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How Can An Inverted Pyramid Help You Create Engaging Copy?
As much as many copywriters probably want to distance themselves from the unregulated voicemail-hacking, camp-on-a-celebrities-doorstep free-for-all that is journalism, it’s an inescapable fact that the two are intrinsically tied together.
However, this isn’t necessarily a bad thing; in fact, the relationship between copywriting and journalism is one that should be cherished. In Google’s forced utopia of quality content, having a few tools of the journalism trade in your armory can give you a competitive edge when it comes to writing copy that Matt Cutts would enjoy reading in his ivory tower at the Googleplex.
I’m one of many copywriters who made the leap from journalism and although I was never fully inducted into the cigar-smoke and whiskey haze of the newsroom, I did learn quite a few techniques that I feel serve me well on a regular basis in my role as an entirely wholesome copywriter.
In this post, I’m going to focus on a technique that most journalism students learn in their first week of study (right before the module on ‘how to develop a deep-rooted cynicism and contempt for society’ and ‘voicemail technology 101’); the inverted pyramid.
The inverted pyramid is essentially the way all journalists are taught to lay out a news story, particularly if you are writing a newspaper story. It’s a beautifully simplistic method of taking facts and condensing them into something concise and interesting, as well as dictating just how much time and space you should be dedicating to each section of your copy.
At the top of the pyramid lies ‘most newsworthy information’, which is basically the most important part of the story dependent on the angle or hook for your piece. Following that comes other important details about the story, relevant background information and for features, a conclusion.
So how can we use the pyramid, which is routinely reliable for producing objective hard news stories, to produce engaging and persuasive content? It’s quite easy really…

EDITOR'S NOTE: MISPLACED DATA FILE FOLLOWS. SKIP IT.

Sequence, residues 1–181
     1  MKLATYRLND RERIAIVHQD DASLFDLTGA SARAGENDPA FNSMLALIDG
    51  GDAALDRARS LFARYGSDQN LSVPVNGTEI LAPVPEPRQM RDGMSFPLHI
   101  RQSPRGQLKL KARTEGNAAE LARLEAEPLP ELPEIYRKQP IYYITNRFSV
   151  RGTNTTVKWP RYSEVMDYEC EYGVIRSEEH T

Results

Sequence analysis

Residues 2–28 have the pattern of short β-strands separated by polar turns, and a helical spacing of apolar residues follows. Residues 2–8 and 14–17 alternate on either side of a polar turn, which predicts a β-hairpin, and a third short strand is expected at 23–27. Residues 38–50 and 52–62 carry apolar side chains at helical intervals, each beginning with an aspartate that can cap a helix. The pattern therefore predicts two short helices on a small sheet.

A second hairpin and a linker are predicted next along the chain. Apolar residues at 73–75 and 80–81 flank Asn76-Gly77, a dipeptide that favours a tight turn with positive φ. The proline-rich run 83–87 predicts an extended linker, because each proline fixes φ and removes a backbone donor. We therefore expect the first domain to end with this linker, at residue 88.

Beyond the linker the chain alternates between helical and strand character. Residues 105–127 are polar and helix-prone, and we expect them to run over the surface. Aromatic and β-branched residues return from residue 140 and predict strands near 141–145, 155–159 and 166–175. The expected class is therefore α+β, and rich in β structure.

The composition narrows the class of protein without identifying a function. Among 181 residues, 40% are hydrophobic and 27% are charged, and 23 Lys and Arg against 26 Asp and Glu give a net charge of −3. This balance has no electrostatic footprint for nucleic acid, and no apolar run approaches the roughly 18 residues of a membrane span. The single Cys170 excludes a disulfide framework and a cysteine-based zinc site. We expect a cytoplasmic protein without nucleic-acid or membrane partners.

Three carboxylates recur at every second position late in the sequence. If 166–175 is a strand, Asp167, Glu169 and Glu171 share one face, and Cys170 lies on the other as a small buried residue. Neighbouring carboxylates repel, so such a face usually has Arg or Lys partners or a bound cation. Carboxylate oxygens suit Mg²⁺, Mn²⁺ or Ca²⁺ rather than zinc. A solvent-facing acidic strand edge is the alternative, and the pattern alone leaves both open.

Most Newsworthy Information
One of the long-established rules of the internet, beyond ‘cats are funny’ and ‘any expression of opinion must be met with a torrent of abuse’, is that people are lazy. Give the average internet user 500 words of content and they’ll read the first 100 words and maybe post a snarky comment based on those words.
That’s why it’s important to give them the essentials straight away. If you’re writing site copy, make sure that the USP for the services that site provides are in the first sentence – if there’s no USP, a solid reason to choose them over their competitors. For blog posts (particularly if you’re newsjacking), make sure that the most eye-catching or interesting piece of information is front and centre, not buried four paragraphs down.
You’ve captured your reader; now you’ve got to keep them. The important details are the supporting argument for the most noteworthy information you’re trying to convey. For site copy, these details can benefit from being laid out in punchy bullet points so that a reader can take in as much information as possible without having to read lengthy paragraphs.
In a blog post, the important details will usually be ‘the meat’ of your post – the argument or lesson you’re trying to teach readers. If you’re newsjacking, it’ll be a justification of just how ‘Gangnam Style’ and ‘kitchen flooring’ are related (it’s much easier to do the dance on linoleum, if you weren’t already aware).
Background Info: This is the ‘previously on…’ part of a news story, and is useful for adding a bit of context to copy. This should fit in pretty naturally with a blog post. For on-site copy, this is a good time to jettison in a bit of a company info or history to support the rest of your extremely persuasive copy.
Additional Info/Call To Action
The problem with the inverted pyramid model is that hard news stories tend to go out with a fizzle rather than a bang. The additional info part of a story tends to be a ‘if you’ve been affected by these issues…’ sort of deal or even worse, where all the boring stuff is dumped.
However, as you’re involved in online marketing, this is probably going to be the most important part of your copy. This is your chance to capture your engaged reader, entice them into using your services and giving them a method through which to engage. A strong call to action is essential.
Oh, hang on…one last thing…
THE most important part of any copy, sod’s law dictates that the headline is also the hardest. Coming up with a killer headline is extremely difficult and there’s no particular formula – although many have had a good old go at coming up with one. Copyblogger, through hundreds of articles, have probably come the closest to cracking it so it’s well worth taking a look.